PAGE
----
The word “phantom” evokes images of something elusive, visionary, abstract or ideal, and the regal Rolls-Royce Phantom embodies the word perfectly. The Derby, England, company – from its Manchester beginnings in 1904 – built a world-renown reputation for handcrafting supremely refined “motorcar” chassis. In 1904, Charles Stwart Rolls, the dashing aristocratic 28-year-old son of Lord and Lady Llangattock (whose ancestral seat was at The Hendre in Monmouth) met with 41-year-old car-builder Fredrick Henry Royce, the son of a miller and a student of precision (the English equivalent to Henry Leland). The wealthy Charles Rolls was considered one of the finest motorcar drivers (in competition events) in England, and had a dealership in London – with partner Claude Goodman Johnson – that specialized in importing luxury cars from Belgium and France. Royce agreed to give Rolls exclusive rights of selling his cars, in addition to adding his name to the automobile. Johnson, an intricate member of the new company, is often considered the hyphen in the Rolls-Royce name.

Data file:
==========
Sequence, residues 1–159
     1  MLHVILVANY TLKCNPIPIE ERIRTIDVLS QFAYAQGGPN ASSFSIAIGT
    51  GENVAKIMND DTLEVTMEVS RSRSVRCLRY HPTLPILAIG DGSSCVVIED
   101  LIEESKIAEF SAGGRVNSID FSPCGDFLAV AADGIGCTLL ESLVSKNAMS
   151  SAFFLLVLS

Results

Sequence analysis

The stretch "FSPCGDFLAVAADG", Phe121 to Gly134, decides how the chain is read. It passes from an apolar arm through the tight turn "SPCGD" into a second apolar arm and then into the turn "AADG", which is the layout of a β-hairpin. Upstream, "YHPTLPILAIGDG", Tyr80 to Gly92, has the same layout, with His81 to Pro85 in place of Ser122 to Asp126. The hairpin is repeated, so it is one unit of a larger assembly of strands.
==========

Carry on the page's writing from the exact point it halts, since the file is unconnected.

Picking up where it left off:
This is a companion discussion topic for the original entry at https://www.hagerty.com/articles-videos/articles/2007/02/07/1927-rolls-royce-new-phantom-brougham-de-ville